I hope it's okay to add onto some of these "tutorial" threads?

I've found that I have to be very careful when I test and discover that a food that I expected to be bad, actually didn't raise my BG too much. I still make insulin, and when I'm doing well, I can get away with lots of stupid things: ice cream, sweet potato fries are some of my foods that tricked my meter. But if I add stuff like that in 1x a week and keep testing, everything starts to degrade (not just that single meal). Eventually if I keep it up, my insulin response isn't enough and I start seeing on my meter totally different numbers for that same food.

If you are insulin dependent, you may not run into this, but if you still have a somewhat working pancreas, I strongly recommend to always test meals that "don't add up". Since you can't see how much insulin you are making, there is a bit of a gap in the information we have to base our decisions upon.

VeeJay 03-05-2016 13:23


Originally Posted by Daytona (Post 1088954)
I hope it's okay to add onto some of these "tutorial" threads?

Most certainly. It is my hope that this thread can be a good resource for us all as we learn how others use this testing method successfully.

Hearts Jounrey 04-19-2016 22:32

I followed a rule that always made sense to me and its fundamental. Set parameters for daily insulin intake and adapt carbs to insulin. If I take 4 units Humalog in morning, I will only consume max 20g or less of carbs for those 4 units. At noon, another 4 units of Humalog and max of 20 g carbs and same in early evening. I wont take in more carbs and correct/chase with more insulin. I also figure in my lantus which I take once at 7:30am of 25 units that covers me thru later that night & next morning (11:00pm to 6:00am).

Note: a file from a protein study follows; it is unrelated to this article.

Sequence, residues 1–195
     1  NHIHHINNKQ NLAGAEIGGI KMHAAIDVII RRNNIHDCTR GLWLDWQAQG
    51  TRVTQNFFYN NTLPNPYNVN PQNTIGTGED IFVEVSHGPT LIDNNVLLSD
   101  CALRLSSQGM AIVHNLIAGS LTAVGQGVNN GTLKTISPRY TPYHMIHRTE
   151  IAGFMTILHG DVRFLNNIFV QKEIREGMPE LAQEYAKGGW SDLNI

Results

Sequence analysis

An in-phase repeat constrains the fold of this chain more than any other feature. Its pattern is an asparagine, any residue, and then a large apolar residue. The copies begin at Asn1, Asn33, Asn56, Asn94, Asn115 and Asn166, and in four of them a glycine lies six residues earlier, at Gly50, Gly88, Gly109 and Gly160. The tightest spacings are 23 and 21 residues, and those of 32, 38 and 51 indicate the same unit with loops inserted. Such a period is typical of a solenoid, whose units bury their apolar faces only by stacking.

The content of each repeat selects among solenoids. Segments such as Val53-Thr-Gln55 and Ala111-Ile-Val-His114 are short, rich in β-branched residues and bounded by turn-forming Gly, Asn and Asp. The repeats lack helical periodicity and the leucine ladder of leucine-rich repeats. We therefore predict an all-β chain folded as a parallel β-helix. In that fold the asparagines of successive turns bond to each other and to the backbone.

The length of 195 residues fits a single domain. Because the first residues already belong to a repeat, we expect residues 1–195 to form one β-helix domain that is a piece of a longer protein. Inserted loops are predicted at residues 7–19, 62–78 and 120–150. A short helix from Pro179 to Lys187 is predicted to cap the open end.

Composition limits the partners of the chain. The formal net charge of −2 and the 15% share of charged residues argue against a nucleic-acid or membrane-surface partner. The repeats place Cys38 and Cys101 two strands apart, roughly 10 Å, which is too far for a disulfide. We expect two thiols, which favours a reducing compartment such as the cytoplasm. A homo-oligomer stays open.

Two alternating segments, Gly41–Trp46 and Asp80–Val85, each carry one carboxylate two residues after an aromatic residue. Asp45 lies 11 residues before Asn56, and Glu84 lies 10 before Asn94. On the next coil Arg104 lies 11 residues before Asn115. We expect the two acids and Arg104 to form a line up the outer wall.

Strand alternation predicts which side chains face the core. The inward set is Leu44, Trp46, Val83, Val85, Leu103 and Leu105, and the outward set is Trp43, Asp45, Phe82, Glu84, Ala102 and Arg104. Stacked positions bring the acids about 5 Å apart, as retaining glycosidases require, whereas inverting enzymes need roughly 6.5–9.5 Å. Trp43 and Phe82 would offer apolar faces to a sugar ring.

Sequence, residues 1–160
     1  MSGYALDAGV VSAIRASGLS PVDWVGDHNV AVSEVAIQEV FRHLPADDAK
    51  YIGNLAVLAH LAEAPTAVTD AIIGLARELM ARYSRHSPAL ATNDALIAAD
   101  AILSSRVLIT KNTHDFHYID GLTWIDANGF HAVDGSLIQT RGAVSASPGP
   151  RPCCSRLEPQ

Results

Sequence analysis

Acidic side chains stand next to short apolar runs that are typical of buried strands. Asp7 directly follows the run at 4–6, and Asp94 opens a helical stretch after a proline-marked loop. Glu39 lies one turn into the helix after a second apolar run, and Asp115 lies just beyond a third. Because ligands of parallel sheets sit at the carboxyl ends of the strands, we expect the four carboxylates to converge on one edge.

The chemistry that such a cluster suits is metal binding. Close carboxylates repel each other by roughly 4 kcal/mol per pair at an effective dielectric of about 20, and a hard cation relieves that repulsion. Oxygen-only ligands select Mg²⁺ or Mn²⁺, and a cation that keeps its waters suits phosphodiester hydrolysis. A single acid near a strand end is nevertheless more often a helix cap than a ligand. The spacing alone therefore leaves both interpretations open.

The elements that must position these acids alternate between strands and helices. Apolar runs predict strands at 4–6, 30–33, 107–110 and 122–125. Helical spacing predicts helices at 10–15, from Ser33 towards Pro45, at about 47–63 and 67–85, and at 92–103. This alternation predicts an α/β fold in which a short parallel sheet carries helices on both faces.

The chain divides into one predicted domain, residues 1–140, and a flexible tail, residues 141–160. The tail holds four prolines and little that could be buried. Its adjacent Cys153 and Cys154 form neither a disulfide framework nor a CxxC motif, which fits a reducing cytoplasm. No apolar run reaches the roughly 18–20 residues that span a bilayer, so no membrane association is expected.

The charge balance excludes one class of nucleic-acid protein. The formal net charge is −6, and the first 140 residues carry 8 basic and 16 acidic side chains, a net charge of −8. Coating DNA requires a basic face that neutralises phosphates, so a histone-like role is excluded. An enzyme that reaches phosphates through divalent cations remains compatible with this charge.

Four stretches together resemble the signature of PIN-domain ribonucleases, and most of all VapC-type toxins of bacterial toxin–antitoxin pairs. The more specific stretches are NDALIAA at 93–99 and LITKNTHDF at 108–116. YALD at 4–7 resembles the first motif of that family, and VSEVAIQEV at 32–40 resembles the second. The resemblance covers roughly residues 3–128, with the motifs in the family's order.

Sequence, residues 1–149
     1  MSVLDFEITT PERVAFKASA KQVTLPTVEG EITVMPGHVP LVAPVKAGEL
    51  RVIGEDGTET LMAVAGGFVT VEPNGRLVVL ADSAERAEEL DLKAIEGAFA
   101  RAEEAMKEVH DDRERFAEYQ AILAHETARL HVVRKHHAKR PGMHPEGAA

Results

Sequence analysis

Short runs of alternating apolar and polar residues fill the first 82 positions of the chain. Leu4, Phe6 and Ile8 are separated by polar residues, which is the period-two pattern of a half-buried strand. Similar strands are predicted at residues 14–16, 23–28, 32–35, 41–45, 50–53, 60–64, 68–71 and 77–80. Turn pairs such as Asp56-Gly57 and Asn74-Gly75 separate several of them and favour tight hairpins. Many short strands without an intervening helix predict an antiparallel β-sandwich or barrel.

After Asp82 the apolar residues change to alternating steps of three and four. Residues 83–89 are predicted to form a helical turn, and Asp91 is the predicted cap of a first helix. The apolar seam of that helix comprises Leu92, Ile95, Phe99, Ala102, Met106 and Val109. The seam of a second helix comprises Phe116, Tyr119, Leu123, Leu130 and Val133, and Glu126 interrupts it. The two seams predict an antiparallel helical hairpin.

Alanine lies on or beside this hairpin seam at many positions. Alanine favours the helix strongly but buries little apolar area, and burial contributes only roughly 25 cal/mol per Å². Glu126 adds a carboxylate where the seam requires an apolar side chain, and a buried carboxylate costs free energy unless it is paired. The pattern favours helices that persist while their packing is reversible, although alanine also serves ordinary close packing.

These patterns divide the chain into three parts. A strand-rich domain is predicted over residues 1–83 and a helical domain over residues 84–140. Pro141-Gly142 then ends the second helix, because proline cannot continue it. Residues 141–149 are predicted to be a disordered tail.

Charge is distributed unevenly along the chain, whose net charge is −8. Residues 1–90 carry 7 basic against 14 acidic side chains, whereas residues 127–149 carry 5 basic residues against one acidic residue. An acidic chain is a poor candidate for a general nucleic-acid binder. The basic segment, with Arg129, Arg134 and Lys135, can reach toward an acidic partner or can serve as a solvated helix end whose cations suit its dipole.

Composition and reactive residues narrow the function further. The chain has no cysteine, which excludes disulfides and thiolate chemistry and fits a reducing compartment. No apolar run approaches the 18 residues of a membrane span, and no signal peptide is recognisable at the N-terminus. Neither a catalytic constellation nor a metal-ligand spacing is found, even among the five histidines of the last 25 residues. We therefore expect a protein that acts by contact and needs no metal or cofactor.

My insulin sensitivity or correction rate is 1 unit Humalog = 20-25 glucose reduction. My insulin to carb ratio (I:C) is 1 unit Humalog covers 7 carbs. One carb usually raises my blood sugar 4 points. I don't like to take eat more than 10g carbs at any one time because that's a 40+ point increase. My trade off is Ill do without many types of carb intense foods and keep carb portions very small to obtain optimal glucose control and focus on correct level of protein (too much protein will be converted into glucose) and fat intake. I want to feel good and energized and aim below 140 glucose levels and focus on ave levels between 60 and 120. Also want to minimize complications.

VeeJay 04-19-2016 22:38

Thank you for giving the perspective of a T1 on insulin. Reading what you do reminds me of Dr. Bernstein's "Law of Small Numbers".

glwilso8 04-20-2016 06:14


Originally Posted by VeeJay (Post 1088946)
What has been your experience with using Eat-to-your-meter testing method?

i have been doing the eat to my meter ballet to the extent that i know that staying under 30 carbs a day has become my base of operation. that, coupled with 16 to eighteen hours of daily fasting.

on my not so active weekends i miss about 6 hours of walking and as i did this evening, miss my 2030hr last bite deadline. at this point i exercise to my meter i.e. pre-bike 111 bg post-bike 74 bg.

i hope that this reflects in my wake-up level 'cause i was a bit celebratory due to a week avg of 90 bg and ate a couple extra squares of chocolate through out the day plus 3 glasses of some tasty wine :vs_no_no_no:. crossed my fingers and pushed the pedals.

gmlandis 05-14-2016 14:16

Thanks for posting this "Eat-to-your-meter testing method". When I get my monitor and testing supplies I'll be using this post as a guideline.